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How England beat Australia in the Third Test


Australians are well aware that wandering Poms were once sent to their shores to endure a period of hard labor and learn from their misdeeds.

Their sporting successors have played on this script in this rather uneven, fractured but ultimately satisfying series. They suffered, they failed, they recovered.

England came back from what could have been a fatal morale blow by losing the first Test in Perth to win in Brisbane and Sydney, which is not exactly the case in any code of football.

They may be a far cry from the quality of the team that triumphed in the Southern Hemisphere in 2003 before securing the Big One a few months later, but this generation has come off the canvas after another inadequate Six Nations campaign. to land some telling blows.

They’re far from contenders to beat the world, but they’re, at least, back in the ball game. You don’t win series by chance in this part of the world.

Join The Roar experts Brett McKay, Harry Jones and Jim Tucker for their verdict on the third test

While it is true that comparisons to previous events in Wellington would not be at all flattering – the grits of bread and water to be compared to the champagne and caviar on offer at the Cake Tin – England resisted the dash and also developed several players. which will surely be in the spotlight in white for many years to come.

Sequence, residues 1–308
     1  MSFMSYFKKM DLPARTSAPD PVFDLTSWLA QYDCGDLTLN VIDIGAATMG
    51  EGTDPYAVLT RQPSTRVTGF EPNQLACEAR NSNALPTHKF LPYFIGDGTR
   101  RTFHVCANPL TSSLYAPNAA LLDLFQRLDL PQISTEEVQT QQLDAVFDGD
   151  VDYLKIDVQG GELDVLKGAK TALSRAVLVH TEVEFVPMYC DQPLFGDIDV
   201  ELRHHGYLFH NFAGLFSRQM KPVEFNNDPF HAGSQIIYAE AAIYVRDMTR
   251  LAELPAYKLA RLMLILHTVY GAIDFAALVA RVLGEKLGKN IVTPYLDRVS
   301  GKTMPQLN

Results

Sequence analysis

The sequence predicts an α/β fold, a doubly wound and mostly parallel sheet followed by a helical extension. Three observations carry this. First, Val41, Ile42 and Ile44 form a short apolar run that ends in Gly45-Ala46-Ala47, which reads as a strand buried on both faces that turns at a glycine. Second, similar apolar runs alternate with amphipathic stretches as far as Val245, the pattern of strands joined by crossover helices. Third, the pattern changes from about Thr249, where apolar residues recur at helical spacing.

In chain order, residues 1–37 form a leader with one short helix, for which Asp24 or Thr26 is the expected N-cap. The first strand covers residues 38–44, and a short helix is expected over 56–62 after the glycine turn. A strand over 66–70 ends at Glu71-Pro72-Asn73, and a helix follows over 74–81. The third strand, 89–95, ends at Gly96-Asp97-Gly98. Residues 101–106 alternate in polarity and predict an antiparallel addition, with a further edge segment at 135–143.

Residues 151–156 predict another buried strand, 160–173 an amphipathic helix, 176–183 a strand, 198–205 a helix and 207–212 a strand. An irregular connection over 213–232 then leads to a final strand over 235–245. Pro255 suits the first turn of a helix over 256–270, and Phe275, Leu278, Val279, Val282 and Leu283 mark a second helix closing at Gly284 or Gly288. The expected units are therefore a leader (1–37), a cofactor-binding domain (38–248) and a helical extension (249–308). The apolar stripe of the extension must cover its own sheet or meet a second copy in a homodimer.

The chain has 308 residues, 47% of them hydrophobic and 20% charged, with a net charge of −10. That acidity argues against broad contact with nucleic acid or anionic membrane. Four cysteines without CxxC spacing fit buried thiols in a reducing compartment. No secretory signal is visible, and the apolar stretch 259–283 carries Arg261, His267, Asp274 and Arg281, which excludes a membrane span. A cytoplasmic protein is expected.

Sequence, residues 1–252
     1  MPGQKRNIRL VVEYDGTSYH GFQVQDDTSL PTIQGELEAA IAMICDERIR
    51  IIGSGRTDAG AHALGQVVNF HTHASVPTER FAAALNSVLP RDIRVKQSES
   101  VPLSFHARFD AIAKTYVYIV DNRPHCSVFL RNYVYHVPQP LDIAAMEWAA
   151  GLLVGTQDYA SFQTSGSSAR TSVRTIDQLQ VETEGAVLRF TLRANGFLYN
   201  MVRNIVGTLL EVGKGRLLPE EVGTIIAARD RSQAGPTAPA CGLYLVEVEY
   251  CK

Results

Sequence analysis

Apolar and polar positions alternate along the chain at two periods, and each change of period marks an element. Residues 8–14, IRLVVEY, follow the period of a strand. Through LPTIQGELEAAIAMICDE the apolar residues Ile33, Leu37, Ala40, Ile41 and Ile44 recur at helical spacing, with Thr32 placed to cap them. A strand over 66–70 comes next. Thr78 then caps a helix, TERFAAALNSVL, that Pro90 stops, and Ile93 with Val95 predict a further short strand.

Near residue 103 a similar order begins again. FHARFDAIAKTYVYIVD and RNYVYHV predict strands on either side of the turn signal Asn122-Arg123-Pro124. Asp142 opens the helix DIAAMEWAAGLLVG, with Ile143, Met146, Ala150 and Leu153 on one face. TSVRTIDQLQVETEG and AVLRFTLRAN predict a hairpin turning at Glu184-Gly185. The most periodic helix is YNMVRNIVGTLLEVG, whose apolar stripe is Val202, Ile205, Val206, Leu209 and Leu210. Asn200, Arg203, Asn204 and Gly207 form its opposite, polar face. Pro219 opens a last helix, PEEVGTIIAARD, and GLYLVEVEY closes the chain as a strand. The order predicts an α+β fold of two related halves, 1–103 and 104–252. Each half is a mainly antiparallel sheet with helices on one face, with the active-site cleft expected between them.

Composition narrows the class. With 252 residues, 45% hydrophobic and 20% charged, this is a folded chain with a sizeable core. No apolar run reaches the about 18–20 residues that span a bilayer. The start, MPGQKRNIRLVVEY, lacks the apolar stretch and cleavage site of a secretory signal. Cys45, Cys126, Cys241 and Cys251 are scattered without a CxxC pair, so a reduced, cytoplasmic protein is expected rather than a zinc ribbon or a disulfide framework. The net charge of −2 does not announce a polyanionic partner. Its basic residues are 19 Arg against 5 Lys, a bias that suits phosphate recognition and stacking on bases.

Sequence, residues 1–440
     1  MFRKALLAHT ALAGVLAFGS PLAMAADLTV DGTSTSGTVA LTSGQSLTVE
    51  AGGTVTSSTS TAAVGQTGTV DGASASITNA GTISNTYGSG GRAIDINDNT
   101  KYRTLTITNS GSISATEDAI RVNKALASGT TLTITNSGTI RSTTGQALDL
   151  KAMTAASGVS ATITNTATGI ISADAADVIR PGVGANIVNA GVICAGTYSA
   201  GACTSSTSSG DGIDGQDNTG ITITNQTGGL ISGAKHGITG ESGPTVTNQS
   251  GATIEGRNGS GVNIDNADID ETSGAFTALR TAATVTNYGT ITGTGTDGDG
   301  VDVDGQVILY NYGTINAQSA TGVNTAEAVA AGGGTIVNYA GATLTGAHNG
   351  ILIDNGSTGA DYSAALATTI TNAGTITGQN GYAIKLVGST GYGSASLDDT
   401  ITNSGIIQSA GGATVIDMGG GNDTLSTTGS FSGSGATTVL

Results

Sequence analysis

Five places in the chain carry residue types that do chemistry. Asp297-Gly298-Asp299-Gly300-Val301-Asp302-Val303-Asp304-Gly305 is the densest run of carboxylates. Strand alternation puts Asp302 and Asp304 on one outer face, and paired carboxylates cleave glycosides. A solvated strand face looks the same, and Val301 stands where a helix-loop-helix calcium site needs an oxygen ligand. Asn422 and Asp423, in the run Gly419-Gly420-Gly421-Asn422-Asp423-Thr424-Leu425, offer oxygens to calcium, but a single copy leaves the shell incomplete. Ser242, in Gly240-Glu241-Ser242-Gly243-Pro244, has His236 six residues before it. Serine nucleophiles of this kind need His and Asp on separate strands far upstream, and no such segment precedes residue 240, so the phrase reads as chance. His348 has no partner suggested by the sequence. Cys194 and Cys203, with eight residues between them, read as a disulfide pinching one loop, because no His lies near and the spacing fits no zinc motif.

The likes of fullback Freddie Steward, king of the skies again, wings, Tommy Freeman and, at one point, Henry Arundell, halfbacks Marcus Smith, who had his best game of the tour, his Rapid Heel Opportunistic Essay The Frosting, and Jack van Poortvilet.

Why oh why did Eddie Jones drop the young Leicester No9 on the bench in favor of Danny Care to unceremoniously hang the Harlequin off the pitch after 37 minutes?

International coaches sometimes have too much time to think and tinker. Van Poortvilet was terrific at Suncorp and showed that kind of form when he came to the SCG. Jones has been ruthless in what he’s done (as he has been before), although he never really raised his hand to admit he got the wrong pick in the first place.

There are a number of positives England can report on their move to Heathrow in the coming days, including a change of captain. After an injury-plagued season, it appeared Owen Farrell’s armband change to Courtney Lawes might just be a stopgap appointment. Well, so much for that theory.

Lawes was a revelation, in a typically laid-back manner, bringing his own brand of down-to-earth and tough attitude to the group. England looked in good spirits regardless of being on their feet after starting with a whimper on the west coast. Lawes, along with the likes of Ellis Genge, another to have completed the journey with some credit, managed to instill a sense of camaraderie as well as toughness in the team, crucially forcing Jones to trust the players more. and let them take responsibility.